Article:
Rus­sia as­serts mil­i­tary might in Syria

Honolulu Star-Advertiser - - NATION & WORLD - ——— The As­so­ci­ated Press con­trib­uted to this re­port.

Rus­sia flexed its mus­cles again over Syria on Fri­day, for the first time launch­ing cruise mis­siles at tar­gets from war­ships in the Mediter­ranean Sea days af­ter be­gin­ning bomb­ing runs from a base in Iran.

Taken to­gether, the new mil­i­tary moves ap­peared to be a demon­stra­tion that Rus­sia has the abil­ity to strike from vir­tu­ally all di­rec­tions in a re­gion where it has been re­assert­ing its power — from Iran, from war­ships in the Caspian Sea, from its base in the Syr­ian coastal prov­ince of Latakia and now from the Mediter­ranean.

The United States also as­serted its mil­i­tary might in a new way, scram­bling its air­craft to pro­tect its forces, and those it is sup­port­ing, from Syr­ian gov­ern­ment airstrikes. The Pen­tagon is­sued a blunt warn­ing to the Syr­ian gov­ern­ment af­ter its war­planes struck a Kur­dish-con­trolled re­gion where U.S. mil­i­tary per­son­nel were on the ground.

“The Syr­ian regime would be well ad­vised not to in­ter­fere with coali­tion forces or our part­ners,” said Capt. Jeff Davis, a Pen­tagon spokesman.

Talks ap­pear to have stalled be­tween Rus­sia and the U.S. on a pro­posal to carry out joint op­er­a­tions in Syria against mil­i­tant groups both coun­tries con­sider ter­ror­ists. Rus­sian and Syr­ian gov­ern­ment airstrikes have in­ten­si­fied lately, with no progress on the hori­zon for a po­lit­i­cal so­lu­tion to end the war.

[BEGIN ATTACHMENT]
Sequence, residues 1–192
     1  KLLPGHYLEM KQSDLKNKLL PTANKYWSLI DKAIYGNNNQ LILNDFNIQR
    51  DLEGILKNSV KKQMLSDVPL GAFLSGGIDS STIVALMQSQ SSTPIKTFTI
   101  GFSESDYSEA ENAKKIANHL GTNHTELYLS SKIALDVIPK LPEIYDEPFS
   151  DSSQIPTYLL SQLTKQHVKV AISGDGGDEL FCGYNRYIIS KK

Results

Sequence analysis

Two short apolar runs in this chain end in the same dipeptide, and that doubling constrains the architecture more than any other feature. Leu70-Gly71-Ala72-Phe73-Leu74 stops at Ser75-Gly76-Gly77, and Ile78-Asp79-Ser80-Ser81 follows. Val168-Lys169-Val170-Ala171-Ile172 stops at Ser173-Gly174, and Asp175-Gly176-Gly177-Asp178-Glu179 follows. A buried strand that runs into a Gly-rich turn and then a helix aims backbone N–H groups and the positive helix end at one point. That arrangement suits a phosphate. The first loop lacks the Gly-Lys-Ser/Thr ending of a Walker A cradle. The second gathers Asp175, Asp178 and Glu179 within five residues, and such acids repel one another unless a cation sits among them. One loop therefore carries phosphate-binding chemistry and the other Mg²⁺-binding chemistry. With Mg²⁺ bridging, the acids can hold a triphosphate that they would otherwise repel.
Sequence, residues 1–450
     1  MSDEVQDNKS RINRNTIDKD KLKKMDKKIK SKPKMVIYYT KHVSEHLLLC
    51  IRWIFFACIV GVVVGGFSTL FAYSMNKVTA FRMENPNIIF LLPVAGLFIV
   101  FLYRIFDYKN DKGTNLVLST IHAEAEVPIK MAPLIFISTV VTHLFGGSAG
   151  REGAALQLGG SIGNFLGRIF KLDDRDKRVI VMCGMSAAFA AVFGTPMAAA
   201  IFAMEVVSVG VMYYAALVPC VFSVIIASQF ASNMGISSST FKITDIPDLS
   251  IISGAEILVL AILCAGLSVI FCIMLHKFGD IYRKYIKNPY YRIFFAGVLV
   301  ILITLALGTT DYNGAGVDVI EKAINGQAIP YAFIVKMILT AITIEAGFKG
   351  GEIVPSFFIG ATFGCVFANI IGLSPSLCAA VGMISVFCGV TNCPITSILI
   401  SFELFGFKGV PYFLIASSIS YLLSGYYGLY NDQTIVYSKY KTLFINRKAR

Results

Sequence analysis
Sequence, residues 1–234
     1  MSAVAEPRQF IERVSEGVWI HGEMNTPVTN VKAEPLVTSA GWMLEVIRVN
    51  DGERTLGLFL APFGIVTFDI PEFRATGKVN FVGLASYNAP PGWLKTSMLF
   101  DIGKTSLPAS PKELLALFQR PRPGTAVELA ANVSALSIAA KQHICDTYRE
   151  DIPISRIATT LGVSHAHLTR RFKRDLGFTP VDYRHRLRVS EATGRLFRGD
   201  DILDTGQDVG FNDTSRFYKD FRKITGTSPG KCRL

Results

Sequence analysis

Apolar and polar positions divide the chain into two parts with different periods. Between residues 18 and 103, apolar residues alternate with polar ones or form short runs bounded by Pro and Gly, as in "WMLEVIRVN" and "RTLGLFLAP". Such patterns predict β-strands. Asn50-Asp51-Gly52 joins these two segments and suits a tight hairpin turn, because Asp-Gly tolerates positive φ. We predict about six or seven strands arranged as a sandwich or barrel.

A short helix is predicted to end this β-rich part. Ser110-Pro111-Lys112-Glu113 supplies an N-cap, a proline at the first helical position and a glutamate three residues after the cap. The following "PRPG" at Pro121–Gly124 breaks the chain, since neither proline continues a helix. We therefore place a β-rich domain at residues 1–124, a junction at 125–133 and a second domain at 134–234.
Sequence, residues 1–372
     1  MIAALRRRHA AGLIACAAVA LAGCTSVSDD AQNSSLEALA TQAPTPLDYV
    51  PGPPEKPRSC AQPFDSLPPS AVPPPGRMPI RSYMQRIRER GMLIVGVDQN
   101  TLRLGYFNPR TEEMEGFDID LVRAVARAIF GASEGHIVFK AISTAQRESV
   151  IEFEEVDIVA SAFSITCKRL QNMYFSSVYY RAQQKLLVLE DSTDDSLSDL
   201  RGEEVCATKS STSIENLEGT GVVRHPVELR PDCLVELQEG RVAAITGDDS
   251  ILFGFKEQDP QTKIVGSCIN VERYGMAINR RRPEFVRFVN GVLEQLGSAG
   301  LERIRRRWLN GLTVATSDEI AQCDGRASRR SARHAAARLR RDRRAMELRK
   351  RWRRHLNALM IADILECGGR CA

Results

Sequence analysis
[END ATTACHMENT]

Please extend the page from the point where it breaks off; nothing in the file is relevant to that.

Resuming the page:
While both Moscow and Wash­ing­ton say they share the goal of de­feat­ing the Is­lamic State group in Syria, they are wag­ing par­al­lel but sep­a­rate wars against the mil­i­tant group while si­mul­ta­ne­ously back­ing op­po­site sides in the con­flict be­tween Rus­sia’s ally, Pres­i­dent Bashar As­sad of Syria, and his other op­po­nents, in­clud­ing rebels backed by the U.S.

The Pen­tagon said it had scram­bled air­craft over north­east­ern Syria in a warn­ing to the gov­ern­ment af­ter Syr­ian war­planes hit ar­eas con­trolled by Kur­dish fight­ers that are work­ing with the U.S. mil­i­tary to fight the Is­lamic State. The gov­ern­ment and the Kur­dish-led forces have had only oc­ca­sional skir­mishes, main­tain­ing a kind of de facto truce, and the gov­ern­ment airstrikes came amid their most se­ri­ous clashes yet.

Foiled coup re­called

Sev­eral dozen Rus­sians gath­ered Fri­day for a protest re­union to mark the 25th an­niver­sary of a coup at­tempt that her­alded the demise of the Soviet Union, a hol­i­day ig­nored in of­fi­cial cir­cles be­cause of its rev­o­lu­tion­ary, anti-es­tab­lish­ment na­ture.

On Aug. 19, 1991, eight hard-line com­mu­nist lead­ers seized power from Soviet Pres­i­dent Mikhail Gor­bachev, declar­ing him ill. In fact, Gor­bachev was un­der ar­rest. Thou­sands of Mus­covites took to the streets to protest against the coup and the clout of the pow­er­ful se­cu­rity ser­vices. The coup was de­feated sev­eral days later.

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